History is unkind to the notion of “soft landings.” When central banks jack up interest rates, rising unemployment and recessions typically follow. According to a New York Federal Reserve study, in 11 out of 15 tightening cycles since 1955, the US unemployment rate has risen, in most of those cases leading to recession.3 Tightening cycles are also frequently accompanied by financial stress, failure, or crisis. When inflation is this high and this many central banks are tightening simultaneously, the odds of slowing inflation without high economic or financial cost are even lower.

    In this piece, we look at various financial and economic indicators to offer our own assessment of recession risk. We also provide insights into the likelihood of an earnings recession (i.e., an outright decline in reported corporate profits).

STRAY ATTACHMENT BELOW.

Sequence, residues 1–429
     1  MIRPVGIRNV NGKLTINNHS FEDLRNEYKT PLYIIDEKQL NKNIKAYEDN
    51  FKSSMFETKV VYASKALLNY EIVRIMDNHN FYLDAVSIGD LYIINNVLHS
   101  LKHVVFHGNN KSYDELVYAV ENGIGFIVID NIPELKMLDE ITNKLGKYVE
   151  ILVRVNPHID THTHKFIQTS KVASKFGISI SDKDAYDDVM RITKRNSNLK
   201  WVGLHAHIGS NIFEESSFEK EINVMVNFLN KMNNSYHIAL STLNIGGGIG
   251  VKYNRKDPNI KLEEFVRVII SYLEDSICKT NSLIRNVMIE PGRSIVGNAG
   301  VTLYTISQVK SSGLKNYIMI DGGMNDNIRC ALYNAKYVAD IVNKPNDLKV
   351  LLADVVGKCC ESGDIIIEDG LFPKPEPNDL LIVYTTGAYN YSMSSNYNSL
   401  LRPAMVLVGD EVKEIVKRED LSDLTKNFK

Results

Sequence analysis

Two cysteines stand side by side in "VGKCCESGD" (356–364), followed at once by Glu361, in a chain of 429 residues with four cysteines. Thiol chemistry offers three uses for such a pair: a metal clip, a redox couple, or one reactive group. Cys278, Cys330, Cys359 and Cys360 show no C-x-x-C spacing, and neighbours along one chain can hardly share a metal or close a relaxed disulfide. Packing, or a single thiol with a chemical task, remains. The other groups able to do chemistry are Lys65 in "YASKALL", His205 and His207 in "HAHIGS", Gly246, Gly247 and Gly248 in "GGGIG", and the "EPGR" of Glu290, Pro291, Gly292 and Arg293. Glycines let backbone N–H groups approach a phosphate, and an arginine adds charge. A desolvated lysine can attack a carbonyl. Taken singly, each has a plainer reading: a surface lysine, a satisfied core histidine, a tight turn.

Our take? The rapidly shifting consensus is largely correct. While still not a certain outcome, the risk of recession is rising. And the odds of a corporate profit slump are even higher. Fasten seatbelts and hang on, there is turbulence ahead, and the landing looks dicey.

    Looking for major turning points

    Over time and across countries, business cycles have been studied extensively. Given their frequency, a relatively large number of recessions provides sufficient observations to use statistical analysis to discern how financial and economic indicators perform immediately before, during and after slumps. That allows statisticians to derive probabilities of future recessions over the next one or two years.